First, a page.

Sleeping In Traffic: Part Two
|Listen Now with Amazon Music|
Sleeping In Traffic: Pt. 2
|Amazon Music Unlimited|
|New from||Used from|
|Audio CD, May 15, 2012||
Customers who viewed this item also viewed
What other items do customers buy after viewing this item?
There is a world apart from the usual radio and MTV formats; a universe in which music effortlessly creates colourful images without excessive visual presentation, by captivating its listeners with its haunting structures, and if you listen really carefully, allows the whole range of traditional rock music to pass by the audience s ear. Hailing from Sweden, Beardfish are a prime example of this phenomenon, an archetype of an exceptionally expressive progressive rock act. Their current album, Sleeping In Traffic: Part Two sounds enthralling and timeless; it has depth and substance without overtaxing its listeners with overly intricate structures. Last but not least, Sleeping In Traffic: Part Two has a distinct sense of humour which pervades Beardfish s music in general and the eight songs on their current release in particular.
Top customer reviews
Prog fans should be delighted with both Beardfish and with Sleeping In Traffic: Part Two. This "night story" is bracketed by two short instrumentals representing sunset and sunrise. Between the two is a delightful melange of modern prog that takes the listener on one wild musical journey. My favorites are: Into The Night, with the insistent pulsing organ work that drives much of the song; The Hunter, with its relentless drive; the many-faceted and often Zappa-esque South of the Border; Cashflow, a rousing instrumental interlude; and Sleeping In Traffic, a true prog epic that is fragmented musically but unified thematically.
The CD is supplemented with an attractive booklet containing album notes, lyrics, and useful commentary by Rikard Sjoblom. Forget the belly-aching some do about Frank Zappa, there are only a couple of overt points of Zappa-esque musical references in this work and those are confined to two cuts. If you like adventurous music with the capacity to surprise at every turn, then Sleeping In Traffic: Part Two is something you should hear in its entirety.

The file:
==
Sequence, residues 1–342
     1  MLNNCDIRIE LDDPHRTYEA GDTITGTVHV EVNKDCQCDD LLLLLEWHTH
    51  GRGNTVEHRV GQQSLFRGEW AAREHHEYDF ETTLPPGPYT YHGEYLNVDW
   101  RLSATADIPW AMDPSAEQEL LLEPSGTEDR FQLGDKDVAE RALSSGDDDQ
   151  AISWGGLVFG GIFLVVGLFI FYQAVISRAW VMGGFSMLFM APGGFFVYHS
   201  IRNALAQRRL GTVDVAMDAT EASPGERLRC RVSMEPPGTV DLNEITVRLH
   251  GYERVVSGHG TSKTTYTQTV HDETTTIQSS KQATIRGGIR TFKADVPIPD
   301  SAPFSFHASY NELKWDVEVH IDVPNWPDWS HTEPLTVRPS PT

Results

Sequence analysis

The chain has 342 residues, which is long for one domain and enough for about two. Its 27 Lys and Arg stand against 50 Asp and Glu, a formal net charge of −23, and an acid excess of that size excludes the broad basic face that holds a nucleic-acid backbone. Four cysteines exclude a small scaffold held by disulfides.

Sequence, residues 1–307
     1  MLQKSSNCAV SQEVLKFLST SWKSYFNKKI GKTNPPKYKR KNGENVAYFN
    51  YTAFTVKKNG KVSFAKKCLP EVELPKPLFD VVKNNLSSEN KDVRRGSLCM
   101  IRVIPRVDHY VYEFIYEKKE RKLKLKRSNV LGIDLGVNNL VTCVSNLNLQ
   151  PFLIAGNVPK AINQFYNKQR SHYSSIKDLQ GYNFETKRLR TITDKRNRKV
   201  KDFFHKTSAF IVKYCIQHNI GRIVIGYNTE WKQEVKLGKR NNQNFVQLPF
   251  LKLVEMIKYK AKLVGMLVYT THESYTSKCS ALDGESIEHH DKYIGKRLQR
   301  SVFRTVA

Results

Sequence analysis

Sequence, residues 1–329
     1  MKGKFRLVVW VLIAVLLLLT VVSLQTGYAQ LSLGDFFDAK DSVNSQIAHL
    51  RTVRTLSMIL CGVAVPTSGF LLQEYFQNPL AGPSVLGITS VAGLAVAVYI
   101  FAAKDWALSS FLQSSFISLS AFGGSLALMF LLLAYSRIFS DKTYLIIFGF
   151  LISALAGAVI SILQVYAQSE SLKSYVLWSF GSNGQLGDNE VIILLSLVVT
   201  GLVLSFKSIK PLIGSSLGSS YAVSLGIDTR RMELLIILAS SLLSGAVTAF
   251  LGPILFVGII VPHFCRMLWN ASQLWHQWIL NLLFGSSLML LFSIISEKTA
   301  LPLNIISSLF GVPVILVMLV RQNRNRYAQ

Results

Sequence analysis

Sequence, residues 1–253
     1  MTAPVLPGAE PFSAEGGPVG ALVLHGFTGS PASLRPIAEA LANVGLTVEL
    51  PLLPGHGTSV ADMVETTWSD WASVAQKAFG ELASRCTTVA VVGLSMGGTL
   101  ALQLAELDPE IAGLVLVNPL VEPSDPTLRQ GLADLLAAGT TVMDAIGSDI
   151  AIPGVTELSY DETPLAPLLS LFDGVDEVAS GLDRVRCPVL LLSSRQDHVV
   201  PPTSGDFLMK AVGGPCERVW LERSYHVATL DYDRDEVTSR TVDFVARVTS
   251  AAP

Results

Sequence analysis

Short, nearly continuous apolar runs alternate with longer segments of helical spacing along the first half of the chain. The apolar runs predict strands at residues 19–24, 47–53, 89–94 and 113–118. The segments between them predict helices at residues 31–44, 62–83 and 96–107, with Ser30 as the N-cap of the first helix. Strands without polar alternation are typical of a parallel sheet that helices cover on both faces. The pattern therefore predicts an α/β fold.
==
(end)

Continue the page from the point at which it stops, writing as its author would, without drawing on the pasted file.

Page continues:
Rather, Sleeping in Traffic - Part Two expands on the first album, retaining its eclectism from start to finish, even building on it. Still steeped in the roots of 70's progressive rock movement, Beardfish continue to produce all-encompassing material, often borrowing from the Zappa and Gentle Giant library and bordering on avant-garde at times. A song like "South of the Border", for instance, sees the band highlighting their sense of humour, as it is informed by a plethora of soundscapes, from the spoken vocal parts to its classic rock tendencies to the downright frightening instrumental wizardy (where blazing organs clash with oddly tuned guitar work) to its ever-funky rhythmic pattern.
On the instrumental piece "Cashflow", they delve into full-on avant-garde territory, which might even be a challenge for the avid Zappa fan. At six minutes, it sees a multitude of sound experiments infused into quirky instrumental passages -- almost too much to take on first listen. Actually, the first and last songs only function as an intro and outro to the other six songs, as they both clock in at less than two minutes: the first tune is just a segment of warm melodies whilst the last one is a solemn piano bit fading into white noise.
Then there are the more song-based yet equally bizarre numbers. "Into the Night" is like an excerpt of the tunes on part one, rightly so. The first part is filled with playful instrumental craze, while the second part is jazzier and darker conjuring up images of the night, ever so briefly. There is a unison solo happening towards the end, where agile melodies are interwoven and climax in typical Fripptonics fashion.
The laidback, bass-centric "The Downward Spiral / Chimay" sees Rikard Sjoblom extracting ever-changing synth tones from his instrument, but there is also a soothing, dreamlike acoustic section complemented by beautiful percussion work. The clarity captured here is awe-inspiring. The husky bass intro of "The Hunter", arguably the band's most bizarre work, opens the track as rousing synths crash into the piece all too unexpectedly. Organs dominate, vocals of Sjoblom - intentionally so - continue to fluctuate between normal singing and the delirious, lunatic tones. The lyrics are equally mind-boggling: "It gives me satisfaction to see you scared and running | And when you bleed you bleed only for me | So peel back the skin of your skull | Cause I wanna see what's inside." The band is being terribly sarcastic it seems, and the ending of the song where lofty guitars and keyboars unite in order to form a cinematic experience is stupifying.
Then of course there is the title track, merging the two discs beautifully, with common threads of melodies and themes. At over thirty-five minutes though, the song can be hard to internalise at one sitting, but one comes to experience its unity and flow upon repeat listens. This is basically the whole Beardfish sound captured on one tune, and it begins and ends exactly the same: with cold bass throbs cascading irregularly.
A concept album about the 24 hours in a person's life, part one was about the day and this one is about the night, and a more challenging listen as well. It could also be said that this disc is unafraid to sound deliberately modern in parts, unlike the first album which is more loyal to the traditional prog sound.
Both discs are highly recommendable; though, for obvious reasons, you're advised to start with part one.